$19B later, Facebook now wants to own my phone

We all knew that Facebook was up to something when they dished out $19 billion to scoop up WhatsApp, but their latest mobile app update reveals a little more about their future plans.

This post was written by Olivier Amar, Founder & CEO of My Permissions.

We all knew that Facebook was up to something when they dished out $19 billion to scoop up WhatsApp.

Although we still aren’t certain as to what exactly they are up to, it’s been relatively easy to detect all of the new changes to Facebook login/registration, profile information, etc. They are clearly very eager to integrate their newly-acquired messaging service (information database) into their preexisting services — so much so, in fact, that they’ve already been rolling out updates to their Android app so that users can experience the new benefits associated with –

Wait, what? What’s this?

Facebook Application Updates - New Permissions

Obviously, some of the permissions Facebook is requesting make sense: if you want to take a photo or video and send it through Facebook, you’re going to need to give it permission to access that part of your phone’s functionality. If you want to have Facebook events seamlessly integrated with your calendar, you’ll need to allow Facebook the access to modify and create calendar events.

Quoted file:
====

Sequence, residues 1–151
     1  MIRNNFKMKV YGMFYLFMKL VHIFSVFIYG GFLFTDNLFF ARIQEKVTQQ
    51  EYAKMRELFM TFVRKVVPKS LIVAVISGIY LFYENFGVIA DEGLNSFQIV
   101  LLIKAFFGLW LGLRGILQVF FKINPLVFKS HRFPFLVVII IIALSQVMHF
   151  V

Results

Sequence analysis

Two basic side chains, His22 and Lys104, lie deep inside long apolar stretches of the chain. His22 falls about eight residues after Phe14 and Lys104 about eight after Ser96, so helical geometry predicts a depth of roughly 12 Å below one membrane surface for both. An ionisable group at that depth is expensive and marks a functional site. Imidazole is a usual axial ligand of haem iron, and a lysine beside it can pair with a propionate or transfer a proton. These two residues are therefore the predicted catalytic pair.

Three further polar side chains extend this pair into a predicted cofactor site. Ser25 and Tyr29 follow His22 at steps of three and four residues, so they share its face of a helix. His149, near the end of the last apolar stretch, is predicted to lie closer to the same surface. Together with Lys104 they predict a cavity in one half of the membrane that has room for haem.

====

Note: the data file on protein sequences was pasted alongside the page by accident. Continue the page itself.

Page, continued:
Unfortunately, they don’t stop there:  some of these new permissions requests seem to go just slightly above and beyond the necessary requirements to give me the “best of both” WhatsApp and Facebook. With requests for permissions to do things like preventing your phone from sleeping; sending emails to calendar event guests without your knowledge; adjusting or configuring your wallpaper for you; reading your confidential information; and–perhaps most egregious, not to mention ironic–reading your SMS/MMS messages (wasn’t WhatsApp created to avoid using traditional SMS messaging?), Facebook seems to have gotten a little carried away.

For the more seemingly offensive requests, Facebook has commented that it asks to:

  • Read your text messages so that it can confirm your phone number via text message (if you’ve added it to your account)

  • Read/write contacts so that you can import and sync your phone’s contacts to Facebook, or vice versa (think updating contact images)

  • Add and/or modify calendar events and send emails to guests without your knowledge so that you can see your Facebook events in your phone’s calendar

  • Read calendar events plus confidential information so that the Facebook app can check your calendar for you to see if you have something already scheduled for the time of the Facebook event you’re currently viewing

Of course, that still leaves things like the “change your wallpaper” issue wide open, but it’s pretty safe to assume that they’re not about to steal all sorts of crazy personal information from that method. On the other hand, maybe they’re planning on using that feature for pesky Facebook ads – 2.0 style?

Guess it’s back to speculating…


MyPermissions is an easy, powerful way to scan, control and clean up applications across Web and mobile that have permission to access personal data. MyPermissions offers two freemium products: MyPermissions Cleaner, an extension for Web browsers, and Permissions, a mobile app for iOS and Android, which protect users from unknowingly sharing photos, documents, locations, contacts, emails, work history, political and religious affiliations ever again.



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